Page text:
Release date: 09/10/2009
Contact Information: Laura Niles, (404) 562-8353, [email protected]
(Atlanta, Ga. – September 10, 2009) U.S. Environmental Protection Agency (EPA) officials will be returning to Perry County, Ala. on Wednesday, September 16, 2009 for a public forum at the Uniontown City Hall Auditorium to update residents about the current operation of removing coal ash from the Emory River near the Tennessee Valley Authority (TVA) Kingston removal site in Roane County, Tenn., and placing it into the Arrowhead Landfill in Perry County.
The public forum will include representatives from EPA, TVA, the Alabama Department of Environmental Management (ADEM), Perry County and the landfill operations company, Phill-Con Services.
EPA’s Administrative Order on Consent with TVA requires that the coal ash from the TVA Kingston site be disposed of in accordance with the most stringent protective disposal standards for municipal solid waste landfills. The Arrowhead Landfill was selected because it meets and exceeds these standards. Prior to approving the Arrowhead Landfill as the disposal site for the coal ash, EPA visited the landfill and met with local leaders and members of the surrounding community to review the disposal plan and answer questions. The Alabama Department of Environmental Management continues to conduct ongoing monitoring of the landfill to ensure it is operated properly.
UNIONTOWN, AL (WSFA) - 560,000 tons of coal ash now sit in a landfill in Perry County, and not everyone's happy about it.
A coal ash spill in Kingston, Tennessee on December 22nd, 2008 has people in Uniontown spilling into city hall.
After the spill, Arrowhead Landfill in Perry County won a bid to dump 3 million tons of coal ash from the spill into their landfill.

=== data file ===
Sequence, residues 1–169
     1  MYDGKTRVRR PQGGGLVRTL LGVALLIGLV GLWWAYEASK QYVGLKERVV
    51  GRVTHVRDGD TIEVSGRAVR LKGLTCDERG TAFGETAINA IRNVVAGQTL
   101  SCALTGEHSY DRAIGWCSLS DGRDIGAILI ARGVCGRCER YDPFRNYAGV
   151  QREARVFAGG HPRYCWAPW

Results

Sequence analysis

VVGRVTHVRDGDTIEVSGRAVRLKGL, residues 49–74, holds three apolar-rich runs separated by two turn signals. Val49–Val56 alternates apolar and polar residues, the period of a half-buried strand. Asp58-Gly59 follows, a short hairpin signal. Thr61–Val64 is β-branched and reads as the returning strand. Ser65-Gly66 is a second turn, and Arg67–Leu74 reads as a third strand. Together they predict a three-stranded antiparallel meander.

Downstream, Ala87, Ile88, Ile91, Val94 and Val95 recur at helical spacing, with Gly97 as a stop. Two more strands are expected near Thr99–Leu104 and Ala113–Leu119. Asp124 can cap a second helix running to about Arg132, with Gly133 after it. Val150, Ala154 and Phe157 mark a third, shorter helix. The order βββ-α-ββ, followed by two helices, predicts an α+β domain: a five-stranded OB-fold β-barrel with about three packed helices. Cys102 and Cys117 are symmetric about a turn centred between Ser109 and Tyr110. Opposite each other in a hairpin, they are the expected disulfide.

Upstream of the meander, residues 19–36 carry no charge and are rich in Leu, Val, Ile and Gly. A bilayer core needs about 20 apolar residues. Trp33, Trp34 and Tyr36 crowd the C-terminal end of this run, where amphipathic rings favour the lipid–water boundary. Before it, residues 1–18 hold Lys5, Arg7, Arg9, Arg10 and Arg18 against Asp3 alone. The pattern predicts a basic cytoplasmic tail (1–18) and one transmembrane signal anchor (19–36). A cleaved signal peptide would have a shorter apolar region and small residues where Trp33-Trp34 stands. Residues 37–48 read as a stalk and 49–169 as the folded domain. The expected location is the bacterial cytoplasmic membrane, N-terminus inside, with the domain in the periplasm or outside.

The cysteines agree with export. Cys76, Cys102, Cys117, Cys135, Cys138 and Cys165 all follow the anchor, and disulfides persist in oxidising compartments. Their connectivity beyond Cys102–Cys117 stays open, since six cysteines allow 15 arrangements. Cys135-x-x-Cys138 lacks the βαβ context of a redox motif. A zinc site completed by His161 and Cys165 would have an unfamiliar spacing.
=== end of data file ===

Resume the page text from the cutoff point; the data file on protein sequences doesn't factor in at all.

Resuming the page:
The project is bringing 50 jobs and $3 million to Perry County.
But residents are skeptical the sludge coming into town may have health hazards.
"I'm afraid that the line is going to rot. It's going to seep into the water line. And it's going to be harmful to our young ones," says Earnest Jones.
"I want to get a better understanding for myself so I'll be able to understand what's going on and see about the long-term affects," says Brenda Cooke.
Many are simply looking for authorities to set the record straight.
So what is the truth? Authtorities with the Environmental Protection Agency says there's nothing to worry about.
"There are no risks to human health and to the environment from this material itself," says EPA representative, Franklin Hill.
It's a project Perry County commissioners say wouldn't have made the cut any other way.
"First of all, we wouldn't have been able to deposit it into this landfill. Second, we would not allow it to come either. Because, we're not doing anything to hurt our citizens," says Commission Chairman, Fairest Cureton.
But even an all clear from the EPA doesn't convince everyone.
"They're lying. I think they're lying. I think it's harmful. And this is something we don't want. And I don't think they should shove it down our throat," says Jones.
Despite doubts from some residents, County Commissioners are certain the project is helping the area.
They already have plans for the $3 million dollars.
Much of it is going to individual cities and the school system.
It's also being used for county infrastructure like roads and bridges